Here, Plaintiff discovered she was not promoted to Warranty Administrator in October 2009, at which time she had already refused to assist Diggs in developing a sexual relationship with another employee. That knowledge of actual injury set the administrative clock running. Although Plaintiff contends she only learned of the alleged legal wrong—Diggs’s retaliatory placement of a hold on the Warranty Administrator position—in July 2012, the key date for statute of limitations purposes is October 2009, when Plaintiff knew she had not been promoted, not her later discovery of the allegedly discriminatory motive for that decision. See Oshiver, 38 F.3d at 1391. Plaintiff also fails to demonstrate the exercise of reasonable diligence because she does not allege she asked SEPTA for an explanation as to why she was not promoted in October 2009, even though she contends she was the only qualified applicant. See id. Because the discovery rule is to be applied “sparingly, ” it should not be applied here to excuse Plaintiff’s untimely filing.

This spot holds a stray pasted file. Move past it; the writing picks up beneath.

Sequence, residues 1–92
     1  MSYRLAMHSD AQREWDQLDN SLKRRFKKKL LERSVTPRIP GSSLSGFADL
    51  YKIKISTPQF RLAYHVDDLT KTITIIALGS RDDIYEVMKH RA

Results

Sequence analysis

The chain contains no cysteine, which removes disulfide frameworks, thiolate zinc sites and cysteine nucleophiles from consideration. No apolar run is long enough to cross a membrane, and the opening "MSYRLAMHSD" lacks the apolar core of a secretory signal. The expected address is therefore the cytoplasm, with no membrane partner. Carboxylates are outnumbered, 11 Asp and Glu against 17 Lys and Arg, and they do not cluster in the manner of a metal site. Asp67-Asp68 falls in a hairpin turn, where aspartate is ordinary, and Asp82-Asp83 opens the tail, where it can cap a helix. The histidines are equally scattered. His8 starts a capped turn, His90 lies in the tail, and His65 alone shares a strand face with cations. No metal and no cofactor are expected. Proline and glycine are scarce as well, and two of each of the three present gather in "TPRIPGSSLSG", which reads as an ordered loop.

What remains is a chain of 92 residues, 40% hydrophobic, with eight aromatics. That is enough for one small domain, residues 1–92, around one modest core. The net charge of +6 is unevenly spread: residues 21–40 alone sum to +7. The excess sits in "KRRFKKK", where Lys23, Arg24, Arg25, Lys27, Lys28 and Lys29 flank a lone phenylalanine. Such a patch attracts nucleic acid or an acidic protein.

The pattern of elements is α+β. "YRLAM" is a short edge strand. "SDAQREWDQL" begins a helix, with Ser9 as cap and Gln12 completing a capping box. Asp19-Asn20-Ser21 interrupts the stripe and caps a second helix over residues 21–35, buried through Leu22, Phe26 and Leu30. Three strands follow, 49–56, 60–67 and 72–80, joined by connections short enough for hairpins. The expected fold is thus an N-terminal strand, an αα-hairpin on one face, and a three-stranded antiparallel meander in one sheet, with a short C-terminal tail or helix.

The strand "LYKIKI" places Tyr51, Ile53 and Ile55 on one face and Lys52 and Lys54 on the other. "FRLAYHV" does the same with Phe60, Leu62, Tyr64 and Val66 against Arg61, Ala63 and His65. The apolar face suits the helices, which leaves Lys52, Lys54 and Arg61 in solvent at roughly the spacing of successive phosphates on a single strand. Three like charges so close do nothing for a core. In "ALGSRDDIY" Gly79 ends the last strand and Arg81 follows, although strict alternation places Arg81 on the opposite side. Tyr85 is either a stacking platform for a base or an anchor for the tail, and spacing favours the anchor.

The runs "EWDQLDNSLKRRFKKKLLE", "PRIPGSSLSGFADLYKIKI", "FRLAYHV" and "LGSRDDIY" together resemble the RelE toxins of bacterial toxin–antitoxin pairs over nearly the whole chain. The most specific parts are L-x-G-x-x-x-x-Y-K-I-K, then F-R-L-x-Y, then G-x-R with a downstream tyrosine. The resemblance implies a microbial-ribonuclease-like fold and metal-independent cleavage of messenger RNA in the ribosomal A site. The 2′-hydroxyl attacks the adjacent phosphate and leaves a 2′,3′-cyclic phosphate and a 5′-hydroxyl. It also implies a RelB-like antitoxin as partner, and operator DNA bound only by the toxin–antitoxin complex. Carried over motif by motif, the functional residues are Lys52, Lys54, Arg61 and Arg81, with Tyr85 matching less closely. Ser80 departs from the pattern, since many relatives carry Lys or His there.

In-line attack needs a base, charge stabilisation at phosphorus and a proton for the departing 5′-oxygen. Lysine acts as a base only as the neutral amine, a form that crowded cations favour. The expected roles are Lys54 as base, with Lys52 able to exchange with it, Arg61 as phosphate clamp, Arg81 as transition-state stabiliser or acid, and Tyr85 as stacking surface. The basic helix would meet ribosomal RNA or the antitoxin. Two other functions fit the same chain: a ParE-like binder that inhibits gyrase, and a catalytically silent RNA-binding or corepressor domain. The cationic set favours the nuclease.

2.Equitable Tolling

Equitable tolling stops the statute of limitations from running where the claim’s accrual date has already passed. Id. at 1387. The Third Circuit has indicated three nonexclusive situations in which equitable tolling may be appropriate: (1) where defendant has actively misled plaintiff respecting plaintiff’s cause of action; (2) where plaintiff in some extraordinary way has been prevented from asserting his or her rights; or (3) where plaintiff has timely asserted his or her rights mistakenly in the wrong forum. Id. “Equitable tolling is an extraordinary remedy which should be extended only sparingly.” Hedges v. United States, 404 F.3d 744, 751 (3d Cir. 2005).